What Is an Optician?

You've come to the right place if you're curious about opticians. Let's explore the intriguing world of opticians and learn how to embark on a rewarding career in this field.

Unraveling the Role of an Optician

An optician is a skilled eye professional specializing in fitting eyewear, encompassing frames and contact lenses tailored to correct various vision issues. These professionals are fully equipped to collaborate with customers in their quest for the perfect eyewear, all by a meticulous prescription provided by an eye doctor.

The Path to Becoming an Optician

If the thought of becoming an optician has crossed your mind, there are a few avenues you can explore to make this dream a reality. You can choose from the following options:

1. Optician Certificate

Obtaining an optician certificate is a quick and efficient way to kickstart your career in the field. This route typically takes around a year to complete. Numerous certification programs are offered through community colleges, vocational institutes, technical schools, and even online platforms. These programs will provide comprehensive training in the fundamental skills required for an entry-level optician. This includes ocular pathology, ophthalmic materials, contact lens fitting, and more. Moreover, you'll receive hands-on experience through clinical instruction, preparing you for certification exams or state licensure if you choose to pursue them.

2. Associate Degree in Ophthalmic Dispensing

For a more in-depth educational experience, you can opt for an associate degree in ophthalmic dispensing. This path closely mirrors the curriculum of a certificate program but extends over two years, offering a more thorough understanding of the field. Some programs also provide internships for on-the-job training and offer flexible distance learning options. To ensure the quality of your education, it's advisable to select a program accredited by the Commission on Opticianry Accreditation.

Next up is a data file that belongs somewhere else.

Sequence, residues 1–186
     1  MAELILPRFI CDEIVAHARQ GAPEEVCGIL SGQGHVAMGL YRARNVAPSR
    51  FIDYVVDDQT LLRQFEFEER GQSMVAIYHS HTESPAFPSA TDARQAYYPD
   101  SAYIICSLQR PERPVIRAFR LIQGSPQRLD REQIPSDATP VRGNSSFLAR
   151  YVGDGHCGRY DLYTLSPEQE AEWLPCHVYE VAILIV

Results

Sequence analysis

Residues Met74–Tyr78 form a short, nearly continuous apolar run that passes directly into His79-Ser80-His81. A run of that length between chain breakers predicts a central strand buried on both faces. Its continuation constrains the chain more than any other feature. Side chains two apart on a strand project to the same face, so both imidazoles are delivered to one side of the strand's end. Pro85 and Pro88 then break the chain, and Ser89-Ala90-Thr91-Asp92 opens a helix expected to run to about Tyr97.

3. Apprenticeship

An apprenticeship is a hands-on training approach that lets you learn while working in a vision center or medical practice under the supervision of an experienced optometrist or ophthalmologist. Typically, you'll need to accumulate a set number of hours to complete the apprenticeship, which can take at least two years. One of the appealing aspects of this option is that you'll receive compensation for your work while gaining valuable experience. Moreover, you can find apprenticeship opportunities listed on national job boards, potentially leading to a permanent position in the same location.

Day in the Life of an Optician

As an optician, your role primarily revolves around customer service and the precise design, fitting, and adjustment of eyeglasses, contacts, and prescription sunglasses. You're the guiding hand that helps individuals find eyewear that perfectly matches their prescription, ensuring they leave with a product tailored to their unique needs. Additionally, you'll utilize precision measuring instruments to ensure eyewear fits customers perfectly and may also handle repairs and educate customers on eyewear maintenance. Opticians are commonly found in eye care centers or stores, although some collaborate with optometrists in medical settings and optometrist offices. Administrative duties are also part of the package, which includes tasks such as appointment management, record-keeping, inventory maintenance, insurance processing, and the sale of eyewear accessories.

Optician vs. Optometrist vs. Ophthalmologist

Opticians, optometrists, and ophthalmologists all play pivotal roles in improving people's eyesight, yet their responsibilities vary significantly. These professionals complement one another in the realm of eye care.

  • Optometrists conduct vision tests, and eye exams and provide prescriptions for corrective lenses or medications. They are responsible for identifying any eye abnormalities.
  • Opticians work closely with optometrists to craft suitable eyewear based on their prescriptions.
  • Ophthalmologists are medical doctors with expertise in vision care, capable of performing surgical operations. Unlike opticians and optometrists, they hold a medical degree.

Qualifying as an Optician